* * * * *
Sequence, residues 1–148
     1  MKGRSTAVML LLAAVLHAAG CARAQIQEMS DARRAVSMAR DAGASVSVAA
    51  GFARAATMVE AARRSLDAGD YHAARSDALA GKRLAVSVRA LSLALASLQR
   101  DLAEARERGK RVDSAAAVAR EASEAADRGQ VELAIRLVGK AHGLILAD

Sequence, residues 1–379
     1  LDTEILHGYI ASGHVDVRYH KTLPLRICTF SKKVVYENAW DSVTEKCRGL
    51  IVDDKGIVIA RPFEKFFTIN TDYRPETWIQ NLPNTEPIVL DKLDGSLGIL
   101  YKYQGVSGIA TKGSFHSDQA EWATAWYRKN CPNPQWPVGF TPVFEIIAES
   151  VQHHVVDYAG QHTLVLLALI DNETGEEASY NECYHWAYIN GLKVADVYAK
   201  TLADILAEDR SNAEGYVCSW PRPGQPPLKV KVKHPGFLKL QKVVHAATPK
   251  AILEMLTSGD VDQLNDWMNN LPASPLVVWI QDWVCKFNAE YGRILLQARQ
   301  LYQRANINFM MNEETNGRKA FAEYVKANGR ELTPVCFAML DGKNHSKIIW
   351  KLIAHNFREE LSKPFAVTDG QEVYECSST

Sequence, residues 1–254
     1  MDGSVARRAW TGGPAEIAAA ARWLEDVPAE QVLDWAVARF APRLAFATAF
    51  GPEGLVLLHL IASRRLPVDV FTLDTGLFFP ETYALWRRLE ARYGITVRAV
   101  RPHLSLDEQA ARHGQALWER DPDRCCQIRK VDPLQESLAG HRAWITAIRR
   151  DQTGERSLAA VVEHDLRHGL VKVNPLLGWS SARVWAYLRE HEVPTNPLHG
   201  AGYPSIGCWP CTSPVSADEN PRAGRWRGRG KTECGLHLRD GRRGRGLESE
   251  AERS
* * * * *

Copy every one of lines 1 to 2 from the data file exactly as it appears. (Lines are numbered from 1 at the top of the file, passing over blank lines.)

Sequence, residues 1–148
     1  MKGRSTAVML LLAAVLHAAG CARAQIQEMS DARRAVSMAR DAGASVSVAA